Argentina are into the quarterfinals of the 2015 Copa América as group winners after they beat Jamaica 1-0. Gonzalo Higuaín’s disguised shot just 10 minutes into the match was eventually enough for Tata Martino’s men to take maximum points in Viña del Mar. But once again it was an unimpressive performance that results in more questions than answers.
It’s pretty fair to say La Albiceleste haven’t really shown up during the group stage. The national team is brimful with world-class talent, certainly in the attacking quarter, yet they are struggling to produce the performances expected of them.
Within their ranks, Argentina arguably have the best players from several elite European clubs, including Manchester City, Barcelona, Napoli, Manchester United and Juventus.
And it’s not just the performances that have cast worrying looks in the direction of former Barca head coach Gerardo Martino, it’s the results too. Despite building a two-goal lead against world number 85 Paraguay, his side still managed to drop points, as they conceded a last-minute equaliser. That disappointing result was followed up by a drab 1-0 win over defending champions Uruguay (without Luis Suárez) and a unconvincing victory over Concacaf invitees Jamaica, also by a single goal. Not exactly inspiring stuff.
Before their match against the Reggae Boyz, Martino attributed his side’s slugglish start to the tournament to the number of domestic matches his players had been through this season. Perhaps a fair argument but with the strength in depth going forward, you would still expect the likes of Leo Messi, Sergio Agüero, Higuaín and Carlos Tevez, backed up by the guile and creativity of Ángel Di María to be engineering better openings – and putting them away.
Speaking of Juve’s front-man, ‘Apache’ Tevez, despite stating before the tournament that Messi and Tevez could complement each other in a front two, Martino has clearly been unconvinced by the pair’s on-pitch relationship and connection in training, with Tevez only coming off the bench in the 75th, 82nd and 72nd minute and putting in largely anonymous displays. The lethal forward, who has scored 39 times in his two Serie A campaigns, is floundering in this bit-part role and missed a good opportunity to get his first goal of the tournament after coming in the final group game.
Following the 1-0 win, in which Jamaica almost snatched a famous equaliser in added time, Martino admitted in a press conference that he was unhappy with his players’ display, labeling their performance as “boring”.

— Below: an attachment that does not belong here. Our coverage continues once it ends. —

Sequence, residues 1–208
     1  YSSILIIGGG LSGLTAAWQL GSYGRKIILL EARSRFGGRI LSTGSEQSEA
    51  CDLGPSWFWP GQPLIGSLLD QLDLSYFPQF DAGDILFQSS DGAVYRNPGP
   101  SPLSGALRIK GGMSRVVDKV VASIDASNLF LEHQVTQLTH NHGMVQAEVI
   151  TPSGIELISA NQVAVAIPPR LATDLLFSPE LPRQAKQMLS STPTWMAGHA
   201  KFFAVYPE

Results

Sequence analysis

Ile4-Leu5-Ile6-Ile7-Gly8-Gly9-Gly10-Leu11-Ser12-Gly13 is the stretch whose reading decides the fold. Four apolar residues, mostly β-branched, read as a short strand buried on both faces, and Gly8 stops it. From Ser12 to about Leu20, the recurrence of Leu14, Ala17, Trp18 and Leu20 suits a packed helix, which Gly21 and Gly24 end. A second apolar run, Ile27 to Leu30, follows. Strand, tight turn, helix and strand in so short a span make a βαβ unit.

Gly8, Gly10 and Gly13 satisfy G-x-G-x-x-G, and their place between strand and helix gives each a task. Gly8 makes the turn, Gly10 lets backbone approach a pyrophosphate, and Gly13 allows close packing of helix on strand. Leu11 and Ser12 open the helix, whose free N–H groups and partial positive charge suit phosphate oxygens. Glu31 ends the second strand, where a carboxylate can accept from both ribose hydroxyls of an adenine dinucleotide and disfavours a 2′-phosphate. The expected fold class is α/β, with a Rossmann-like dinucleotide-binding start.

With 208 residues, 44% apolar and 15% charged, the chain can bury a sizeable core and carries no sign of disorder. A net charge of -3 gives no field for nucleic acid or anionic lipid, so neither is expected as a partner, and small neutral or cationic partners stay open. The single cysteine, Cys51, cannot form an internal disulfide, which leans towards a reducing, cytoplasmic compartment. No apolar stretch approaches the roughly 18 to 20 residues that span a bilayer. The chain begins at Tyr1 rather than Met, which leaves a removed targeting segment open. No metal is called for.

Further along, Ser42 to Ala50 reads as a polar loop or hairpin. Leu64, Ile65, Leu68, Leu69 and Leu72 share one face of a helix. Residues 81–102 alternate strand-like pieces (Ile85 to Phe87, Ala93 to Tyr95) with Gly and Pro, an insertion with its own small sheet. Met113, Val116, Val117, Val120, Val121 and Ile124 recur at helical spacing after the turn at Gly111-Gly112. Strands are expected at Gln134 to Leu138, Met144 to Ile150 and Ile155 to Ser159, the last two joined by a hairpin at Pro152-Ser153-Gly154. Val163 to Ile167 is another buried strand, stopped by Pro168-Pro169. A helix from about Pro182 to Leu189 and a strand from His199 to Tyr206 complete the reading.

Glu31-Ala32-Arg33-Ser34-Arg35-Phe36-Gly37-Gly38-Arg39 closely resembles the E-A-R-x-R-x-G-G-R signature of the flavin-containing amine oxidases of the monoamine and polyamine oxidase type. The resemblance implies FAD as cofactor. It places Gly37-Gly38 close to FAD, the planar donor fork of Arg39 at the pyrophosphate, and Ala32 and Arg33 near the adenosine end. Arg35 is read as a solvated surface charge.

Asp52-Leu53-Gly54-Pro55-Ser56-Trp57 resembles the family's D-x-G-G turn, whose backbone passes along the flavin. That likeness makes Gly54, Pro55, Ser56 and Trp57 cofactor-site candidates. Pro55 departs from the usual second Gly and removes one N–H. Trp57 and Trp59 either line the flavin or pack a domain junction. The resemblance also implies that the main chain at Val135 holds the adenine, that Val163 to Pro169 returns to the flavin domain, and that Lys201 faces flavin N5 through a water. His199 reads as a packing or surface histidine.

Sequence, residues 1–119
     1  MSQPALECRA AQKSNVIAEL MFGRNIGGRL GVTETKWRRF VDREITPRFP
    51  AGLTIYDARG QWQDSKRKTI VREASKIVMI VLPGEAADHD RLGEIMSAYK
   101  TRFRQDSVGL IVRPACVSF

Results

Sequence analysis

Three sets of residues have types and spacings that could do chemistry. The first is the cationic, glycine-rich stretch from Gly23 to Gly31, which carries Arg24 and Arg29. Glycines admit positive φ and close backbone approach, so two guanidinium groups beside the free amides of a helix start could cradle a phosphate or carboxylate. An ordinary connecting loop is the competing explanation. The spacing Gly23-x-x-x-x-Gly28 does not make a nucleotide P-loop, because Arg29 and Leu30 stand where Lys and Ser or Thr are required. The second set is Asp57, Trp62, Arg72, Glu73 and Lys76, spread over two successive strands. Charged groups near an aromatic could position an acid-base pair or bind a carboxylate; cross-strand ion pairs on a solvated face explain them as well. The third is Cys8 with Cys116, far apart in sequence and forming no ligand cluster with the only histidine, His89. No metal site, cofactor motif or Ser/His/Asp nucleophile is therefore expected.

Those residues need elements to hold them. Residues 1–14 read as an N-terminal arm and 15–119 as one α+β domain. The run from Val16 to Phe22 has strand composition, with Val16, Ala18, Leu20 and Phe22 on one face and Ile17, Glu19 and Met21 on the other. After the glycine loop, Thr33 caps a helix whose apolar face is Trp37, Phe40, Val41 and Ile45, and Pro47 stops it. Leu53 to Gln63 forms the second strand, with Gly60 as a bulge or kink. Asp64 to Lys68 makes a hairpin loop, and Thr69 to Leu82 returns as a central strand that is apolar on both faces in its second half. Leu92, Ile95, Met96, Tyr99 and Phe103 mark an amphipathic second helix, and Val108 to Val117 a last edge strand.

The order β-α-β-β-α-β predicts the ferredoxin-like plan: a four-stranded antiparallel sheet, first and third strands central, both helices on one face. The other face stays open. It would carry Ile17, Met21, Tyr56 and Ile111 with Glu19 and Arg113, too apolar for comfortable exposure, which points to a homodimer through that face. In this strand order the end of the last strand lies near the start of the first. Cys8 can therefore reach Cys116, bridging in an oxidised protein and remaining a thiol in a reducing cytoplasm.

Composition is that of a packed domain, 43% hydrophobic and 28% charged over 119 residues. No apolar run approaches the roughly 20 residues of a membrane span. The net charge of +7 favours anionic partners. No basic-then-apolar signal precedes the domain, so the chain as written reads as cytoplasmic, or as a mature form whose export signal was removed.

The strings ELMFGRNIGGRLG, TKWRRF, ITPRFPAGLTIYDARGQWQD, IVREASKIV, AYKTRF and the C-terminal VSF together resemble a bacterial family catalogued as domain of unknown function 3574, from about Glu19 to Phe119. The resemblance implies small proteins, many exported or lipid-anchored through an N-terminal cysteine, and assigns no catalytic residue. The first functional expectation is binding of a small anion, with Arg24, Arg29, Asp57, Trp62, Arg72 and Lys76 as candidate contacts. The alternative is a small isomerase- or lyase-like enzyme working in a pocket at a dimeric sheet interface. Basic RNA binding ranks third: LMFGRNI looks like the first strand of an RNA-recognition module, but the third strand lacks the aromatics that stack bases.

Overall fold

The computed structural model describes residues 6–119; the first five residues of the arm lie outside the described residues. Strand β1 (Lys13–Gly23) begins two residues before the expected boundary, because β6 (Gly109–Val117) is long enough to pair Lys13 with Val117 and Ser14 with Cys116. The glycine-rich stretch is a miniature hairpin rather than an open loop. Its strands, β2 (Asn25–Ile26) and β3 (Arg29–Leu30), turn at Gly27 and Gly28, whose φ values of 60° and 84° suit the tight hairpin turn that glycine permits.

“We are lacking effectiveness,” the 2011 runner-up begun. “It is something we took out of the result against Paraguay, but you cannot legislate for players of the ability of ours missing so many chances.
“The fact we didn’t put the game to bed, coupled with the physical issues we are having towards the end of games, generated uneasiness.
“I thought we did alright in the first half, getting the early goal and then creating four or five chances to score. We also did well to control Jamaica’s chances to break.
“But the second half was boring, our ball control was tedious, the movement of the ball was too slow and we generally lacked speed in processing our play.”
Boring, slow and tedious; that’s not the description of champions. The team lacked ideas and invention against the group minnows and Martino’s eyebrows will have risen after watching Chile’s performance against Bolivia on Friday night.
La Roja’s pace on the counter is always a threat but it was the manner of their five goals which now makes Jorge Sampaoli’s men favourites for the title. The fourth goal, finished off by Inter Milan midfielder Gary Medel, was a delightful flowing move and perfectly showcased Chile’s fluid formation and positive options.
Argentina need to look at themselves – and the way their rivals play – if they are to lift a 15th Copa América title and make up for last summer’s World Cup heartbreak.